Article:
The land between these two cores consists of two meandering river valleys, the Bedalder and the West Looe, which are made up of a patchwork of native deciduous woodland, coniferous forestry blocks and grade 4 and 5 grazing land.  The ownership of this corridor is eclectic and includes the Duchy, Cornwall Council, the Forestry Commission and a number of small and mid-sized farmers. These are the settings where DEFRAs new Landscape Scale Recovery Programme thrive. By creating a cluster of farmers, landowners and organisations along this corridor our next step will be to build a community of the willing who are prepared and able to release certain areas of non-native coniferous timber land or marginal sheep grazing for temperate rainforest restoration.  All of this land will have carefully designed public rights of way criss-crossing it so that the magnificent mental health benefits of temperate rainforests can be experienced by everyone who needs them. Once we have a continuous rainforest running between Cabilla and West Muchlarnick our corridor will have come to life.


We are a long way away from any conversations about apex predators in the south-west. I’m not going to begin claiming that the next stage of this process would be to return wolves to the Cornwall Rainforest Project.  There are however a range of meso-predators, the level of carnivores that sit one rung beneath our larger predators, that might be appropriate to bring back to these corridors. At the Thousand Year Trust we have already begun the stakeholder engagement programme for our wild cat reintroduction project. The Eurasian wild cat would have been native to all of our deciduous woodland once upon a time. Unfortunately, as is often the way, these beautiful small feline predators were hunted to extinction by humans in this part of the country and only a small population remains in Scotland.  There is an active reintroduction movement across Exmoor, Dartmoor and, through us, on Bodmin Moor and it won’t be long before the rabbits and squirrels of our forests have large yellow eyes watching them from the cover of the oak trees.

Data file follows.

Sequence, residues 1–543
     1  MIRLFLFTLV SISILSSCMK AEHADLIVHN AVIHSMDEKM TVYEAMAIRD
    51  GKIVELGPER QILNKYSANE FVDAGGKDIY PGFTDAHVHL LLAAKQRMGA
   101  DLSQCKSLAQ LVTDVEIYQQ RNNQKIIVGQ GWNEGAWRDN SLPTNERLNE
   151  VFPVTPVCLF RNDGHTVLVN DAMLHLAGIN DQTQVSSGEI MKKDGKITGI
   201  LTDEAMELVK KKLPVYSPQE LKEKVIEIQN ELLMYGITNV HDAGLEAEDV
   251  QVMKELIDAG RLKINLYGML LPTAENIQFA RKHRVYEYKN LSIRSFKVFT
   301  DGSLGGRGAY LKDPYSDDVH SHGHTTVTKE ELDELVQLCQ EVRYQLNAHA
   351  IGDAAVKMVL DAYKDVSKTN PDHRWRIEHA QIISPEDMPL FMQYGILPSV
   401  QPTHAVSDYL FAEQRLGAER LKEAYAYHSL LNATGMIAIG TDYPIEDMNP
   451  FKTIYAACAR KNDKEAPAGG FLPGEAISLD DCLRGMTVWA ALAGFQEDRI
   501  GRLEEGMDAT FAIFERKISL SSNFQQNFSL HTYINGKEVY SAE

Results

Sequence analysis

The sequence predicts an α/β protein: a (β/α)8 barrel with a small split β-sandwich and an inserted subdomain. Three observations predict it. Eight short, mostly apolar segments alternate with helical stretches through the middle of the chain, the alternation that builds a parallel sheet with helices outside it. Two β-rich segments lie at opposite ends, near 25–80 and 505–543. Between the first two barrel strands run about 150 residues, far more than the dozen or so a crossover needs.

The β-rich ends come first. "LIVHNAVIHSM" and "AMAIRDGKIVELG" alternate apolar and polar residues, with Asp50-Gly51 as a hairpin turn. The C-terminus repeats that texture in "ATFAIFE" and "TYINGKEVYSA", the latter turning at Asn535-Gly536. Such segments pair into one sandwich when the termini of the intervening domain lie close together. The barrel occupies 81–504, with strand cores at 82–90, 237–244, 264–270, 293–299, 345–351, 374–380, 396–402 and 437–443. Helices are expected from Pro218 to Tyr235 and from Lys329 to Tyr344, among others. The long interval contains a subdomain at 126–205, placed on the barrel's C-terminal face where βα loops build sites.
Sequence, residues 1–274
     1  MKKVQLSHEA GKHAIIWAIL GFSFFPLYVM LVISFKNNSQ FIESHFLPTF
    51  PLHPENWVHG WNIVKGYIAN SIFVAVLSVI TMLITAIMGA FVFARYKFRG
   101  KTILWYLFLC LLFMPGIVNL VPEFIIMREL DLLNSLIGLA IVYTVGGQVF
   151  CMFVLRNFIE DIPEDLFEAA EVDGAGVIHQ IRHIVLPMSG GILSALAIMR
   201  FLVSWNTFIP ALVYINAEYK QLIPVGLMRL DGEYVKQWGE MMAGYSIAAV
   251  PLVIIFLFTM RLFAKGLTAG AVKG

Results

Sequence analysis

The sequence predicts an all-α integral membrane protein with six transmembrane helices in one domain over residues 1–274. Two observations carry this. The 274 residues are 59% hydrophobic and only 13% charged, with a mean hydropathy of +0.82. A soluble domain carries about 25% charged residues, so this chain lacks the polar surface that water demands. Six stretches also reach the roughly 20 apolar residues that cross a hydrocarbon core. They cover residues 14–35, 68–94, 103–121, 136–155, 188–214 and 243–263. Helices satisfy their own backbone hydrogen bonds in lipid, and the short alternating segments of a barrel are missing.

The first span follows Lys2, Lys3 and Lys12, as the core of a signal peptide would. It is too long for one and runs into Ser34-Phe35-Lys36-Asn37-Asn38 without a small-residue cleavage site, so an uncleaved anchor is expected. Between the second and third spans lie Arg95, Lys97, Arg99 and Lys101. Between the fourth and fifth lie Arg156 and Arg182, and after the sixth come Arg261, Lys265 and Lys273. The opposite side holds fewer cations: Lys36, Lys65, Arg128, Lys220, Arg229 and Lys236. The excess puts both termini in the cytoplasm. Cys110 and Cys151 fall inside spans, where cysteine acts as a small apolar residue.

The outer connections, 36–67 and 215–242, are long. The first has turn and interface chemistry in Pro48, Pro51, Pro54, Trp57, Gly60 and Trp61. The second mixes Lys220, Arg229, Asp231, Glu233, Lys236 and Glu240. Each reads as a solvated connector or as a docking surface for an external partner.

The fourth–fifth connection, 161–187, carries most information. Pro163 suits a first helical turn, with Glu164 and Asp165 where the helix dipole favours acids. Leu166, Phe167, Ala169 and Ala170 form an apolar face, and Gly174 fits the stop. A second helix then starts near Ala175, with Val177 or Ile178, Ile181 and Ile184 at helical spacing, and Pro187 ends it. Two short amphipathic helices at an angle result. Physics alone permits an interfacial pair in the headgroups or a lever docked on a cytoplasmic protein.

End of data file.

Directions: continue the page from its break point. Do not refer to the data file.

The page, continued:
We are also beginning the first stages of a possible pine marten reintroduction scheme. These ferret like meso-predators are the perfect antidote to the grey squirrels that damage our forests and have wiped out our native red squirrel population. The red squirrel was last seen in the wild in Cornwall in 1989.  It’s time to bring it home and pine martens will form a key spoke in the wheel we must turn to achieve this.

All of this may seem highly ambitious but nothing about The Thousand Year Trust was ever designed to be a quick fix or to be a simple endeavour. It is only by mobilising the public spirit and bringing all those who love our natural world together that we will be able to achieve these goals. Everyone who reads this or who loves our rainforests should become a part of this adventure. We need all the support that we can get at the Thousand Year Trust and we need everyone to lobby their MP, plant trees and ask their local landowners what they are doing to restore the natural world.

Find out more and keep up to date with our charity the Thousand Year Trust via the website or by following on Instagram.